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Flagstaff Water Cycle & Glossary of Terms
Ever wondered where your water comes from or where water goes when it "disappears" from puddles after it rains? Check out our Flagstaff Water Cycle diagram created by local hydrologist, Margot Truini, to better understand our local water cycle.
Amelia, a student who found our website helpful during remote learning, suggested that our site might include a Water Cycle Glossary of Terms for other students and families who come across our website. Thank you, Amelia! We agree and really appreciate the great contribution your idea adds to our website.
Aquifer: An aquifer is an underground layer that contains groundwater.
Atmosphere: A unit of atmosphere measures the air pressure at sea level, which is about 14.7 pounds per square inch.
Climate: The climate of a location includes all of the weather conditions for this location over an extended period of time.
Cloud: A cloud is a visible mass of small water droplets or tiny ice crystals that are suspended in the atmosphere.
Cloud Condensation Nuclei: Water vapor surrounds tiny particles, condensing in clouds to become raindrops.
Condensation: Condensation is the process by which water vapor changes into liquid.
Dew Point: Dew point is the temperature at which water in the air condenses to become water droplets near the ground.
Ecosystem: An ecosystem is a community of living and nonliving things in an area.
Erosion: Erosion happens when soil is worn away, usually by wind, water, or ice.
Evaporation: Evaporation is the process of water changing into water vapor.
Evapotranspiration: When moisture from the soil evaporates into the atmosphere or when transpiration from plants occurs, this is called evapotranspiration.
Fog: Clouds near the ground are known as fog.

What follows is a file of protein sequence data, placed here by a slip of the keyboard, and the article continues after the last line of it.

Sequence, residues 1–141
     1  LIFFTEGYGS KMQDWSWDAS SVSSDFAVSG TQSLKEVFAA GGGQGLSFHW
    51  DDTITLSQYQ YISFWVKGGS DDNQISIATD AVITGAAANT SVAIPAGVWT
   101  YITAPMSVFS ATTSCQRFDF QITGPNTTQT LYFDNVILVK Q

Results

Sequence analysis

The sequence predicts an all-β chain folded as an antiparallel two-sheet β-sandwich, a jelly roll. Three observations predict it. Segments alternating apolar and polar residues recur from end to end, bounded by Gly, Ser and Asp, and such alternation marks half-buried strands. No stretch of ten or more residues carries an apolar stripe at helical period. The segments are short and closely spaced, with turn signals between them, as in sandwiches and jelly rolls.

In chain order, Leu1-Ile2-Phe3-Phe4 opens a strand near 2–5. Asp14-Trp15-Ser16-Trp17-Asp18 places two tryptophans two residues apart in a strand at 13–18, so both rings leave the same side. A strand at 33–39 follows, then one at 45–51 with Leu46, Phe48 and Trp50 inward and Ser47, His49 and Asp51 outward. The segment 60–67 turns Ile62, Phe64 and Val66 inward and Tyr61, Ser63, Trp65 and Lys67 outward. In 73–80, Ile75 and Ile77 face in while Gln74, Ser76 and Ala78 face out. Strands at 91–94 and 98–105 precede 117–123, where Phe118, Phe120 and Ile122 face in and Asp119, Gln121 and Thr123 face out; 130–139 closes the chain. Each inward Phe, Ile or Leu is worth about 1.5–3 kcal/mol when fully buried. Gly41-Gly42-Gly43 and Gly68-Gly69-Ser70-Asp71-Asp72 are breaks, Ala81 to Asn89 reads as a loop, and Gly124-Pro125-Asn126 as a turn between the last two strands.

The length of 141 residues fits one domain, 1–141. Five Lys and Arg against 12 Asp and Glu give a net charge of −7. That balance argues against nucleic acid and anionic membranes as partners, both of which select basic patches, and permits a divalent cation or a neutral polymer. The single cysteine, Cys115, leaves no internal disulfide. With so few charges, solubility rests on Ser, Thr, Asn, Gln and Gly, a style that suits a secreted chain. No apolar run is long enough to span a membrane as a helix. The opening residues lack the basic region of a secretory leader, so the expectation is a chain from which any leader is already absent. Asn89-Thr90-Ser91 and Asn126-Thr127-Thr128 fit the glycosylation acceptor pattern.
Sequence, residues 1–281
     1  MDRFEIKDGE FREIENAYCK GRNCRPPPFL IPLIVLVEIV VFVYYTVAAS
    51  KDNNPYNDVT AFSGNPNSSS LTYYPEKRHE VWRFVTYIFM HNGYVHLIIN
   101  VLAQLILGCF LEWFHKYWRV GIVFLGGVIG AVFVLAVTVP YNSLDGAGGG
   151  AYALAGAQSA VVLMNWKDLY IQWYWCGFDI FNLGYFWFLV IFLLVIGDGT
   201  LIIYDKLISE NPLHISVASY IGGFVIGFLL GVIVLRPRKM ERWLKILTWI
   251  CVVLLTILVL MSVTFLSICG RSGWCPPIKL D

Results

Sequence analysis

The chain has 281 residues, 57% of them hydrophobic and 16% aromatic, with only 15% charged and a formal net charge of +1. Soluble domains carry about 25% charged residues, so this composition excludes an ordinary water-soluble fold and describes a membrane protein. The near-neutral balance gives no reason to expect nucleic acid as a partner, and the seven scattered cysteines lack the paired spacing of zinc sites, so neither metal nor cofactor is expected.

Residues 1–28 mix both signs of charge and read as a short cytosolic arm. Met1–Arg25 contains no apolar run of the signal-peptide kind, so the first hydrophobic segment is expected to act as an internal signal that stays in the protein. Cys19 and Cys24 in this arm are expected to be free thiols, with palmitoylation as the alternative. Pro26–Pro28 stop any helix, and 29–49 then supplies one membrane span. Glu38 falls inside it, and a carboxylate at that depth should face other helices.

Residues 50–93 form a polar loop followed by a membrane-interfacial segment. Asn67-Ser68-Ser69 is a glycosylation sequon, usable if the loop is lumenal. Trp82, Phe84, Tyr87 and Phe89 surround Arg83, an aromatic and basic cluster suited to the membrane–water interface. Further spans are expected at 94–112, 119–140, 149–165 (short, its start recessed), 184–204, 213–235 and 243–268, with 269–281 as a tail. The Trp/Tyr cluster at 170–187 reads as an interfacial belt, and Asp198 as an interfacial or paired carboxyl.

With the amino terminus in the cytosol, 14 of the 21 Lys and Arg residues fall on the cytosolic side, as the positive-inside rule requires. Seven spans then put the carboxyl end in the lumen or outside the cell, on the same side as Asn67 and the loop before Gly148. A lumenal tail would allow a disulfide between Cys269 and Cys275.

Freshwater: A lake, river, or spring is a source of freshwater, which animals can drink.
Glacier: A glacier is a mass of ice that moves slowly across a land mass.
Groundwater: Groundwater is water found in an aquifer.
Humidity: The amount of water vapor in the air is the humidity.
Ice: Ice is water in solid form.
Ice Cap: An ice cap is an area of less than 19,000 square miles covered by ice.
Ice Sheet: Ice sheets are glacial ice areas that cover a large expanse.
Lake: A lake is a body of water that is surrounded by land.
Microscopic: Microscopic describes something very small.
Pollutant: A pollutant is a substance that harms a natural resource.
Precipitation: Precipitation includes all types of water that fall to Earth.
River: A river is a big stream of fresh water that flows.
Runoff: When in rains or when snow melt occurs, it's known as runoff.
Snowmelt: Melted water from snow is snowmelt.
Temperature: The level of heat or cold, measured by a thermometer, is temperature.
Transpiration: Water that evaporates from plants is transpiration.
Vapor: Vapor is liquid that is suspended in air.
Water Cycle: Water moves between the land, bodies of water, and atmosphere in a process known as the water cycle.
Weather: Weather describes the state of the atmosphere, and it includes atmospheric pressure, temperature, humidity, cloudiness, precipitation, and wind.
Wind: Wind is air that moves from areas of high pressure to low-pressure zones.
modified from https://www.oberk.com/watercycleglossaryofterms